This is the continuing story of my “Worst to First” youth football coaching experience in Reno, Nevada this year. I took an 8th grade team that had won about 6 games in the last 6 years to the Semi-Finals in the largest and most competitive league in the Reno/North Nevada area. Traveling back and forth weekly from Lincoln, Nebraska to Reno.This scrimmage game was going to be so important for the psyche of this youth football team. Even though we had only practiced 10 times, 5 in pads, if the results were the same as they had been in the past, the kids would think that 2014 would be a rerun of the past 6 seasons. As the week closed out, the kids were starting to get it. Our pace was getting there, we had fewer lapses in precision and attendance at practice had improved. Instead of 5-6 kids missing it was usually just 1, sometimes 2.
On offense the 4 plays I had wanted to use in the game were looking pretty tight. Our offensive line was coming off the ball fast thanks to our cadence clap count drills and our base first two steps were at the right angles, pad level, good hip level and heads on the correct side. With the exception of 1-2 players we were very accurate in applying the blocking rules correctly to the defense. Our snaps were consistent, not perfect, but out of 20 plays 19 snaps would be in the acceptable range, 1 poor snap and 15 perfect ones.
In the backfield, we were executing the plays well, we were blocking the correct players on every play, but our open field blocking wasn’t quite there. We worked ball security every practice, that was very good. The fakes weren’t there yet, but making some progress. We continued to have the backs practice from 6-8, while the line practiced from 5:30-7:30.
I still spent most of the overlapped time as always coaching youth football Linemen. The Back coaches were using the cheat cards to implement the drills written on the daily practice plans. When running the plays in skeleton or on air during the overlapped time, the coaches would use the offensive play cheat cards. I would jump over to their group from time to time for just a minute or two to speed up the pace and quality control. For the week we were still at about 60 minutes of individual development drills, 30 minutes of group and 30 minutes of team.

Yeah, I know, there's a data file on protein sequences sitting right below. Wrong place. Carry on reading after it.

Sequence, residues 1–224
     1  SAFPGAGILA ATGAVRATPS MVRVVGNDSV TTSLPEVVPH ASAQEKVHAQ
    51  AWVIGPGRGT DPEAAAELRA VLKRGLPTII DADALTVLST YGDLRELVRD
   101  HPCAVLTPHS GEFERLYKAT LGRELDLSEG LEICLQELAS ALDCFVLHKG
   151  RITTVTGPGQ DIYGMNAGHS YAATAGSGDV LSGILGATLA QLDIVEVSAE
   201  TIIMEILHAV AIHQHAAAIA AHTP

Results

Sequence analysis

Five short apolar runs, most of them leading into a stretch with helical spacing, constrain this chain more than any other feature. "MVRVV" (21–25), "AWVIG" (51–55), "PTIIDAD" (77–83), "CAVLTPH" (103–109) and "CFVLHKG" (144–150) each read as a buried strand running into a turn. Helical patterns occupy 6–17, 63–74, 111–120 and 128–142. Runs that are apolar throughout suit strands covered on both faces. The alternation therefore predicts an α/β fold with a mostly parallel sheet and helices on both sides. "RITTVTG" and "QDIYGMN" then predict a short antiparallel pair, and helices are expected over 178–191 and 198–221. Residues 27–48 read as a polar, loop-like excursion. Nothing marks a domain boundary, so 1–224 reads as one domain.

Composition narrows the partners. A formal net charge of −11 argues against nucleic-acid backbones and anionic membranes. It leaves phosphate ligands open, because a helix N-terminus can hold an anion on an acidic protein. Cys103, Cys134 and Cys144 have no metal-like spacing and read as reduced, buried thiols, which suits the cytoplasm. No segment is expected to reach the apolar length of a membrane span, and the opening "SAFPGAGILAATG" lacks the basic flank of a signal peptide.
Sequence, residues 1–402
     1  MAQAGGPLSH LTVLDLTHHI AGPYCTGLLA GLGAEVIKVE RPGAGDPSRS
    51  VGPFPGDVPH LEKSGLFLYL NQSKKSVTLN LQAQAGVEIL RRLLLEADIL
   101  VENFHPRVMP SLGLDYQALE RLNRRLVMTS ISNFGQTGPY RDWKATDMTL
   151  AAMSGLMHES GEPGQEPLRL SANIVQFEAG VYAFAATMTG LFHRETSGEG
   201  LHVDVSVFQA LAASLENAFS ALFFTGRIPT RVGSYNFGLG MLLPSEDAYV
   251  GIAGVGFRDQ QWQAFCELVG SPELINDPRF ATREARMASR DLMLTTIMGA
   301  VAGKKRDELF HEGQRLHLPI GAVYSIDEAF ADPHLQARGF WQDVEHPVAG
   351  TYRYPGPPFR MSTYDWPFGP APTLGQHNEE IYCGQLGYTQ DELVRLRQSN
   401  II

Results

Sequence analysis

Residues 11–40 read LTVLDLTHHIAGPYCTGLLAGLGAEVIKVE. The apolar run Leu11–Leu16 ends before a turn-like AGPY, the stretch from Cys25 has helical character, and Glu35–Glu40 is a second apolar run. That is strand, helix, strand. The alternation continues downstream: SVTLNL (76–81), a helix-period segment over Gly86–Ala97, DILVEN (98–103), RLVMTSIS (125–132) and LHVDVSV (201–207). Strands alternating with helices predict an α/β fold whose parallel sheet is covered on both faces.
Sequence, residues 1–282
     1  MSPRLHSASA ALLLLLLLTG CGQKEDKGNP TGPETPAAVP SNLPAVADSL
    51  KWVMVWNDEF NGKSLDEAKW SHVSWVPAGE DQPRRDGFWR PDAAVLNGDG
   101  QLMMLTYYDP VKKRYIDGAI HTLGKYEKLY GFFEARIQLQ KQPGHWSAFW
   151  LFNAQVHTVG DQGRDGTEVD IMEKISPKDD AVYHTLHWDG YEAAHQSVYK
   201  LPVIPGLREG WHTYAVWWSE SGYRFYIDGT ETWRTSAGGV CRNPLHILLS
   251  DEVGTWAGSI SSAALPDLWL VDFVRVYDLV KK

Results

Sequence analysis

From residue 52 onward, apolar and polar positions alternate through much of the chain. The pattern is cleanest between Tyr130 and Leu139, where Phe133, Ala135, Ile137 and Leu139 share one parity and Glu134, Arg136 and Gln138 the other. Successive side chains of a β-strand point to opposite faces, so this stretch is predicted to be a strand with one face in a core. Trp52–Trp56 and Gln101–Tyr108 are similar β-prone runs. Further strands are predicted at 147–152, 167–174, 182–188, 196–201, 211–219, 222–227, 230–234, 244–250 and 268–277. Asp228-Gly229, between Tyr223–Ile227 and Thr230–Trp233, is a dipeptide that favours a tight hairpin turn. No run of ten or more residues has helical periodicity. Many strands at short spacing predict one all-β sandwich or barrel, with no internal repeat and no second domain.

For the Friday practice prior to the Saturday scrimmage game, we went 70 minutes in team. As always we alternated what we emphasized one day was offense, the next was defense. We were all one or the other every day and we practiced the same amount of defensive days as offens9ve days. That Friday practice we worked on both offense and defense in preparation for the scrimmage game.
The original intention was to come into the game with 4 plays. During practice, our kids really had those 4 down cold. We had contests to see how many perfect plays we could do in a row. How do you define a perfect youth football play? You start by making the linemen freeze in place at 2 steps, if they are supposed to pull or go to second level, they have to freeze on contact with a coach or helper holding a bag there. The backs freeze on the “defender” he is supposed to block and the runner or faker runs the play out for 15 yards. We are looking for perfection on who AND how, everyone has to be blocking the correct defender based on the blocking scheme and rules applied to that play. The angle of attack, hips, toes and head have to be correct, our backs have to be attacking at the correct angles and at full speed. A coach releases a player from the freeze with a tap on the players shoulder and any correction is quickly verbalized. Coaches signal if they had any no-gos.